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2017

One of the most common requests from developers is how to get started with Android development for Zebra devices. This post is designed to point people in the right direction.

 

Google has created several great resources for those that are brand new to Android development:

 

Zebra has similarly made a resource library to teach Android Developers how to build apps for Zebra mobile computers

Summary

The purpose of this utility is to display the Electronic Serial Number (ESN) of a Zebra Android device in the title bar of EHS. This allows the user to identify the device for the purposes of problem reporting etc. The utility works by patching the existing enterprisehomescreen.xml file with the ESN , replacing the Title Bar text (which by default is ‘Enterprise Home Screen’) with the ESN. The utility can be autorun by EHS during initial load so that the ESN is visible immediately the device boots up to the EHS launcher as shown in the screenshot below:

 

ehs1.png

 

Usage

To demonstrate this in action, the attached StageNow centralised profile (rem_ehs2dot6_esn.pdf , original exported profile also attached) will download and install EHS together with the utility on any Zebra Android device with a pre-configured internet connection.

 

To install the utility manually, follow these steps:

  1. 1.      Download and install the attached GetESN.apk utility
  2. 2.       Edit your EHS config file enterprisehomescreen.xml (which needs to be located in /enterprise/usr) file to include the following in the auto launch section:

<auto_launch>

                <application delay="500" package="com.ih.getesn" activity="com.ih.getesn.main"/>

  </auto_launch>

  1. 3.       Install EHS – utility should run during initial start of EHS and show the ESN in the title bar.

 

Please note that this is an unofficial utility and therefore unsupported i.e. use at your own risk .

The latest versions

As I'm writing the latest Zebra's EMDK for Android is v6.6, supporting KitKat, Lollipop and Marshmallow devices. All the documentation is available on TechDocs, and from there you can find all the samples and their source code on GitHub, under the Zebra organization.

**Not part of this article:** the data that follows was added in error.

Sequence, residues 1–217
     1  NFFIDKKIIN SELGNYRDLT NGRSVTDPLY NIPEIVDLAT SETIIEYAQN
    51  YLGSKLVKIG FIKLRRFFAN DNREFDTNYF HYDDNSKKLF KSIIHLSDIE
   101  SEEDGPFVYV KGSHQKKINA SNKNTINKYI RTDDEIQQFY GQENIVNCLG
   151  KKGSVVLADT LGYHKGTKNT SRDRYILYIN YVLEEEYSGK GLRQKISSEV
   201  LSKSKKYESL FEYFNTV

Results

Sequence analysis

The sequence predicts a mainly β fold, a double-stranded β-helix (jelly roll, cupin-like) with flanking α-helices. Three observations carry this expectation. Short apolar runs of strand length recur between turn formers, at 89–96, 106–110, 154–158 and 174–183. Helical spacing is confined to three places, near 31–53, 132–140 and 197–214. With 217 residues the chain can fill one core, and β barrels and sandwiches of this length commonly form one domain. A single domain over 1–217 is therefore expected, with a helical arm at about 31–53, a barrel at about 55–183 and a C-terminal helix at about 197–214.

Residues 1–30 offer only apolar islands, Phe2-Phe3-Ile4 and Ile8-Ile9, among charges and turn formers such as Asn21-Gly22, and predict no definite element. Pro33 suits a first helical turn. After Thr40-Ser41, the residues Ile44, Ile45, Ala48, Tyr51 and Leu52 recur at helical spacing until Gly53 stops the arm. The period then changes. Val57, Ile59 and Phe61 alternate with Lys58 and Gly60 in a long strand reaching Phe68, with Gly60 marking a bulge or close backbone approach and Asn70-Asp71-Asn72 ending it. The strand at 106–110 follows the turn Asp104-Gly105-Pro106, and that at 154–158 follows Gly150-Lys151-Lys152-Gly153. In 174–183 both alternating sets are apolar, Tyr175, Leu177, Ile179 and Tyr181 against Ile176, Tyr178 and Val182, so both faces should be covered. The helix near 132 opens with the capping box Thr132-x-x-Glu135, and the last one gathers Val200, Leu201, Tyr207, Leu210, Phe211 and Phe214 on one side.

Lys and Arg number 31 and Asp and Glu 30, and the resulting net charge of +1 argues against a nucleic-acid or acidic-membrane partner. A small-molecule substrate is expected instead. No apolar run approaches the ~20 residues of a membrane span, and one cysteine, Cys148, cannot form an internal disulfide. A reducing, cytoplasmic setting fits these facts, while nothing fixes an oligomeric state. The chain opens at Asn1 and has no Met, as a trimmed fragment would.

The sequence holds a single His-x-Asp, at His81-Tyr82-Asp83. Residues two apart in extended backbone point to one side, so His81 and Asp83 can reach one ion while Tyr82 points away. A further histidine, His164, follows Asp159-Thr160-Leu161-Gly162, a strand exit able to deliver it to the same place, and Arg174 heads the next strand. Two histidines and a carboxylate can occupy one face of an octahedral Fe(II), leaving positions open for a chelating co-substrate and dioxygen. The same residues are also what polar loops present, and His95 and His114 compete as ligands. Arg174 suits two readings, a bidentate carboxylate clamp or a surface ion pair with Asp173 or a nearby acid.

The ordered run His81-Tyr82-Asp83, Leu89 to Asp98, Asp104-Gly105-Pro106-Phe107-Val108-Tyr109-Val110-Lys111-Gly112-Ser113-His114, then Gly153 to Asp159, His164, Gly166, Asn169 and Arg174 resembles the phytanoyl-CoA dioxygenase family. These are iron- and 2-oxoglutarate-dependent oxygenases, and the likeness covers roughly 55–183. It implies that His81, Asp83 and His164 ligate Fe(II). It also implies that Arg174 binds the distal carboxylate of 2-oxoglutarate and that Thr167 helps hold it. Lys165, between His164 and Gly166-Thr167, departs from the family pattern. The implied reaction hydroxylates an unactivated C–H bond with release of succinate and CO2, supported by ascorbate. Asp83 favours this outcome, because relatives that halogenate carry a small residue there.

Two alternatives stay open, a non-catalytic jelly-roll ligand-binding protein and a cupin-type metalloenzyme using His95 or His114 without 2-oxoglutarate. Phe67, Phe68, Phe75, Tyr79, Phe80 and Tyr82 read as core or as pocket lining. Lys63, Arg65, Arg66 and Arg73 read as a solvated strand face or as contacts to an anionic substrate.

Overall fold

Here you can find the latest version of the samples:

The older sample

Sample for older version of Zebra's EMDK for Android are still available on github but under a different organization: Developer Zebra.

Here you can find:

Plus you can find the ADT version of the sample:

A note on the sample

All these sample repositories are build in the same way. The master branch contains only a README file and there's a branch for every sample, PLUS a branch with all the sample that is the one that I usually clone using the command:

git clone -b AllSamples <Repository to clone>

 

 

edit for layout and typos.

BlueBorne is an attack vector that exploits Bluetooth connections to target and control devices.

Zebra takes security seriously and recommends that customers update to the latest BSP and accept monthly patches to minimize security risk.

BlueBorne may affect computers, mobile phones, and other IoT devices running both Android and Windows operating systems. (WinCE and Windows Embedded Hand Held devices are not affected.)

Patches for BlueBorne are available today.  Please check the bulletin and the Zebra.com site for specific device availability.

In response to the September Android Security Bulletin Zebra has addressed security vulnerabilities affecting eleven Zebra Android devices running Kit Kat (K), Lollipop (L), and Marshmallow (M) through patches as part of the Zebra LifeGuard™ for Android™ program.

 

According the the Android Security Bulletin:

The most severe of these issues is a critical severity vulnerability in media framework that could enable a remote attacker using a specially crafted file to execute arbitrary code within the context of a privileged process. The severity assessment is based on the effect that exploiting the vulnerability would possibly have on an affected device, assuming the platform and service mitigations are turned off for development purposes or if successfully bypassed.

We have had no reports of active customer exploitation or abuse of these newly reported issues. Refer to the Android and Google Play Protect mitigations section for details on the Android security platform protections and Google Play Protect, which improve the security of the Android platform.

Impacted devices include ET50 L, ET55 L, MC18L, MC32 L, TC51 M, TC56 M, TC70 KK and L, TC70x M, TC75 KK and L, TC75x M, TC8000 KK.

 

Device updates are an important way to keep your Android devices secure and running at their full potential. All customers are encouraged to accept these updates to their devices.

 

Read more about the issues addressed or download the updates at Zebra.com

In response to the August Android Security Bulletin Zebra has addressed security vulnerabilities affecting eleven Zebra Android devices running Kit Kat, Lollipop, and Marshmallow through patches as part of the Zebra LifeGuard™ for Android™ program.

 

The highest severity update is a critical security vulnerability in media framework that could enable a remote attacker using a specially crafted file to execute arbitrary code within the context of a privileged process.

Impacted devices include ET50 L, ET55 L, MC67 KK, MC92 KK, TC51 M, TC56 M, TC70 L, TC70x M, TC75 L, TC75x M, TC8000 L.

 

Read more about the issues addressed or download the updates at Zebra.com

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